Evelyn Fernandez, the daughter of crash victim Ana Fernandez, breaks down as she speaks at a memorial ceremony.
At a memorial service for the families of the victims, Evelyn Fernandez walks up to the podium. In front of Metro's senior leadership, the mayor of Washington and several city council members, she talks about her late mother, Ana.
"And I still can't believe it because I didn't even have the chance to see her. It was a closed casket," she says.
Fighting back tears, Fernandez talks about how she's now raising her five siblings.
"I know my mother would...she would be really happy. But I actually wish she was actually here, to at least give me a hug, to at least tell me, 'Look, Evelyn, I'm really proud of you,'" she says.
Two years have passed, but for these families, the grief is still very present.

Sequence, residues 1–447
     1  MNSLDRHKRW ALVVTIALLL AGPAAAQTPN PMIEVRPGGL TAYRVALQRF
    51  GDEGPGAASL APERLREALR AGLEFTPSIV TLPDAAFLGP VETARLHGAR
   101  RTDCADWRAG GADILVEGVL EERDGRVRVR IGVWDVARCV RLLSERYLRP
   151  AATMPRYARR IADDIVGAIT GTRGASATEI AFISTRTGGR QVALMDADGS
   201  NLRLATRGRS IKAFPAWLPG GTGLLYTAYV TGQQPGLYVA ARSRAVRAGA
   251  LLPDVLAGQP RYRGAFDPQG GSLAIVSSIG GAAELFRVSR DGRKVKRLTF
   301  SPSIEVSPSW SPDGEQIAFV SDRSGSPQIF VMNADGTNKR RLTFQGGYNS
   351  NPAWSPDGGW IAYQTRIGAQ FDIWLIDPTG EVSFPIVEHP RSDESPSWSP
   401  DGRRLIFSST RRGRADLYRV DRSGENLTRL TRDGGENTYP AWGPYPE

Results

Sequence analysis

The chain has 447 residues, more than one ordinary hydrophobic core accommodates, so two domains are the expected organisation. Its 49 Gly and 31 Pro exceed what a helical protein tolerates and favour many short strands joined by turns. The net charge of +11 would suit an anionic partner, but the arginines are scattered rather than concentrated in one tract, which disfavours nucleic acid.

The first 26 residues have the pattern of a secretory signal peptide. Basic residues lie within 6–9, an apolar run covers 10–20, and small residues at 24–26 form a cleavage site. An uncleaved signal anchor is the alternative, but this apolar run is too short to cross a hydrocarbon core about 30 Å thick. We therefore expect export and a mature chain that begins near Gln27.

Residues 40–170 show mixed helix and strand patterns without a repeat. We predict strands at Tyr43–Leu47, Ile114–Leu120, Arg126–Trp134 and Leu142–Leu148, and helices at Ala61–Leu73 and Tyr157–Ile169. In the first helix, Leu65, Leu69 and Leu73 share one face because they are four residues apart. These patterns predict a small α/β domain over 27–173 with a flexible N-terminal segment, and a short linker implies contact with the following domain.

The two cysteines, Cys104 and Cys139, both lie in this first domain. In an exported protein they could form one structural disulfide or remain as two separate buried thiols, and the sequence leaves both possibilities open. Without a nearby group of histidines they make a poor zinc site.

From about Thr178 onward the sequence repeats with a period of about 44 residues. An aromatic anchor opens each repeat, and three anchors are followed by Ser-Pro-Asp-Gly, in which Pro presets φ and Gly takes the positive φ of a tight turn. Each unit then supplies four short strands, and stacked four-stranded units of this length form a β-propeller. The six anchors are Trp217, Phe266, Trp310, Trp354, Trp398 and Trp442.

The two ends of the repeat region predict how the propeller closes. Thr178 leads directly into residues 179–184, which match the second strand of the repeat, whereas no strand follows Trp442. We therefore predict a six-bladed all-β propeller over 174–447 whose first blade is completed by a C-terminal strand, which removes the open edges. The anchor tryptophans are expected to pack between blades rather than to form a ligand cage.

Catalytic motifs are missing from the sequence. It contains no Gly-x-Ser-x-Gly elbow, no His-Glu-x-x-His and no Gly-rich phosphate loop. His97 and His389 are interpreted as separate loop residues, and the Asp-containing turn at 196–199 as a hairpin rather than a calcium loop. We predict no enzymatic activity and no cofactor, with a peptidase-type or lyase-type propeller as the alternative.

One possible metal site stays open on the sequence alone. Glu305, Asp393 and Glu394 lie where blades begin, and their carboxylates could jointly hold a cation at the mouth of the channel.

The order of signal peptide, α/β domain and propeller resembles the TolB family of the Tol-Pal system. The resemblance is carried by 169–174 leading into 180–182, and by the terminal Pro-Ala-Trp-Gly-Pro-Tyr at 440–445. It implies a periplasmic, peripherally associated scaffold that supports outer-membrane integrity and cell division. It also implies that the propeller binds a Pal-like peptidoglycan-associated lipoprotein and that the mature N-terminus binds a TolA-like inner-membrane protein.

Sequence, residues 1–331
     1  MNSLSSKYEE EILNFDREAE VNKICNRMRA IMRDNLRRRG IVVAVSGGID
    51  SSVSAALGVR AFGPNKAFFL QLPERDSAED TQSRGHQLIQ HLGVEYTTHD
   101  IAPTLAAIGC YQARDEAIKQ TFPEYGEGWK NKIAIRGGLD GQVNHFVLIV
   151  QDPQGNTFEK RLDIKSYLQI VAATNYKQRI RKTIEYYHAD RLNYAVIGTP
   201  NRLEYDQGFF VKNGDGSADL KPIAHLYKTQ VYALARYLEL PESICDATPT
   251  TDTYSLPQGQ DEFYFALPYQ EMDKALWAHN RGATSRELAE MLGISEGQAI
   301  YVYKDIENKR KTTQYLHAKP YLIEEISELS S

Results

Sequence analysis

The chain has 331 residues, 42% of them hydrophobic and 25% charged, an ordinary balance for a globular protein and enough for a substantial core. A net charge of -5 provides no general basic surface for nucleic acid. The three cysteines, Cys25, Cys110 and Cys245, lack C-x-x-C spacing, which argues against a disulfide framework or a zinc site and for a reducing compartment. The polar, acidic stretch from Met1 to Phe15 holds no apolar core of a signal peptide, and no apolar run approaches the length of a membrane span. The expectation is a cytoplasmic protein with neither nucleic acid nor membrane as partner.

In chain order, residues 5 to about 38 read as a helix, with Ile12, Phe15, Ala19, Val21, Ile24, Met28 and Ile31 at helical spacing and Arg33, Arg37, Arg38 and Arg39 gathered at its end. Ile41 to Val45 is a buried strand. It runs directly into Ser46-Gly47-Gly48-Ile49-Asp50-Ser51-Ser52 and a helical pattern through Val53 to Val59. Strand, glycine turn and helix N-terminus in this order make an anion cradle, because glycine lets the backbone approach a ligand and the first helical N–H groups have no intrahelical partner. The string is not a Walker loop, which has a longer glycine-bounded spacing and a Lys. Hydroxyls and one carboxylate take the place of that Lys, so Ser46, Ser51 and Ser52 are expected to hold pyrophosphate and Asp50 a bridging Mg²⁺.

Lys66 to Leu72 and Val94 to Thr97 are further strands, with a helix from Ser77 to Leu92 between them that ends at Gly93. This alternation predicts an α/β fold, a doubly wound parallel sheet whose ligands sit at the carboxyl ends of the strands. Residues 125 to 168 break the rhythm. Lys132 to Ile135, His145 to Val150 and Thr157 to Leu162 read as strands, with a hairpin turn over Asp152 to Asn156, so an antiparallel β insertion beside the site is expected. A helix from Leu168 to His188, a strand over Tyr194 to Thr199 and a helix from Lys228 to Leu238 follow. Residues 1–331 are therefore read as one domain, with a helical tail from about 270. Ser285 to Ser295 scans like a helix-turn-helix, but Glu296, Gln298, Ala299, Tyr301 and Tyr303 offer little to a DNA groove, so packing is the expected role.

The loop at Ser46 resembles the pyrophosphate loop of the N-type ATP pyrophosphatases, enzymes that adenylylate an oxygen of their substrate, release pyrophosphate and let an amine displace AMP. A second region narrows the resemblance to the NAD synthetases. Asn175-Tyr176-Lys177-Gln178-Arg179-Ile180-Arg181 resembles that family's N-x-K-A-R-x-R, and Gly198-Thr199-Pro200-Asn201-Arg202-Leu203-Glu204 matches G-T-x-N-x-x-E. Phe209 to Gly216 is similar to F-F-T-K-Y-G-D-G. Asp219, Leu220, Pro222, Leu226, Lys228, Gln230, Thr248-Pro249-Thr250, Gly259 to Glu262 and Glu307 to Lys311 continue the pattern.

There's also a sense of anger. At the memorial service, the mother of one of the victims unfurled a grisly, blown-up photo of her daughter's dead body, and mourners in the audience recoiled away in horror. Several of the victims' families have filed a wrongful death lawsuit against Metro, and it's contesting that in court.
After the service, Metro's leaders walk with the families to a plaque at entrance to the station, where they lay a memorial wreath. Their tears are muffled by the sound of trains passing overhead.